Spanish Language Memo

Created by
September 7, 2022
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To: Equis Partners

From: Equis Research Team

Re: Practical Recommendations for Spanish Program

Date: September 7, 2022


With two months left until the end of the election, many Spanish-speakers remain uncommitted, at a rate higher than other Latinos. Campaigns still have a chance to compete for their vote.  The purpose of this memo is to support our partners both in making the case for increased funding for Spanish-language programs and in improving outreach to these under-engaged voters.  This memo summarizes where Spanish-dominant Latinos stand today, why they are a critical segment of the vote, and which best practices — in targeting, messaging and content creation — can be easily applied during the last weeks of the 2022 midterms. 


It is estimated that there are 60 million Spanish-speakers in the United States, including both monolingual and bilingual speakers. According to Pew, 16% of registered Latino voters in the United States are Spanish-dominant, meaning that they primarily communicate in Spanish. A much larger percentage (39%) are bilingual. Together, a majority of Latino voters speak some Spanish. Even with such large numbers of Spanish-speakers in the U.S., our research has shown key trends that highlight that they remain under-engaged in the political process.  We have an opportunity to address this issue by changing how we approach Spanish-speaking audiences through Spanish-language communication.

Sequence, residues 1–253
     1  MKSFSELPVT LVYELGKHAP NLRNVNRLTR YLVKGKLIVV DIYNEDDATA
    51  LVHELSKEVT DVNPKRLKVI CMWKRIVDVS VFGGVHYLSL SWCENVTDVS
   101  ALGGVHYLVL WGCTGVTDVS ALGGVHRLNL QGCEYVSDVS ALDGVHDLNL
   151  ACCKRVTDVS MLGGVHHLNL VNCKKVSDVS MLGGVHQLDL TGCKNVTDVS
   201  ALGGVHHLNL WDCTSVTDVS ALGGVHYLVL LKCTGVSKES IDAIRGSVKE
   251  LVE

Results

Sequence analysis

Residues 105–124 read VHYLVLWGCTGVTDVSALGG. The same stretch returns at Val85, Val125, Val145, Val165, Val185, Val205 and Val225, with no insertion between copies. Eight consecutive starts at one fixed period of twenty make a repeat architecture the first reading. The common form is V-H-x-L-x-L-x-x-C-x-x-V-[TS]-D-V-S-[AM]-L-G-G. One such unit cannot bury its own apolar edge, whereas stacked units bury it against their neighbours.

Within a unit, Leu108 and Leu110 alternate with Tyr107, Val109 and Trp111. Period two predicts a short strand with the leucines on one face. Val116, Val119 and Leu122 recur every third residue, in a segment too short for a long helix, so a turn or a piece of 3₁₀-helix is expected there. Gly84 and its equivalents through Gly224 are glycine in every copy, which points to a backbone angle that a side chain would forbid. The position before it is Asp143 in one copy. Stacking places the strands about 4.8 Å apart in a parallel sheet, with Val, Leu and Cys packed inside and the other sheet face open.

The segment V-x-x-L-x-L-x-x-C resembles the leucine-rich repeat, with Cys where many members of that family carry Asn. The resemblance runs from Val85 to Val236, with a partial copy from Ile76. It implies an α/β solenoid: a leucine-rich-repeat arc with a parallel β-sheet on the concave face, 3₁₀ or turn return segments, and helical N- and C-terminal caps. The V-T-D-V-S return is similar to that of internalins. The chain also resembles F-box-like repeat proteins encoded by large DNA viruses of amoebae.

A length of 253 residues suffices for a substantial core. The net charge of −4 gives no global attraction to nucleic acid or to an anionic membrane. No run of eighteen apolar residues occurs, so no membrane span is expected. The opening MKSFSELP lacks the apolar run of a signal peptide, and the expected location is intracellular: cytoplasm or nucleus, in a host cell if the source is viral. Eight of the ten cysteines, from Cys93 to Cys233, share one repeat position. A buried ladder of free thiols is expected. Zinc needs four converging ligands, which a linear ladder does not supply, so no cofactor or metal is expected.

Trend #1: Care

A notable segment of the Latino electorate cannot say which party cares more about them, especially the Spanish-dominant. In recent digital testing we have conducted, participants who stated they consumed news “Mostly in Spanish” or “Almost Entirely in Spanish” expressed feeling they do not know which political party cares more about people like them. Some also expressed that neither party cared about people like them. 

Trend #2: Motivation

Spanish-dominant voters express less motivation than their English-dominant counterparts when it comes to motivation to vote. Across different surveys and digital testing, Spanish-dominant participants are less motivated to vote in upcoming elections. 

Trend #3: Candidate Support 

More often than English-speakers, Spanish-dominant voters express feeling undecided about which candidate(s) they support. This is most clear in our state-specific work where voters are asked questions about specific candidates, like those running to be their next U.S. Senator or their state’s next governor. 

The trends highlighted above show there are undecided and under-engaged voters who can be persuaded and mobilized by investing in culturally competent Spanish-language communication. Candidates and campaigns should seize this opportunity for the following reasons:

Reason #1: You need it.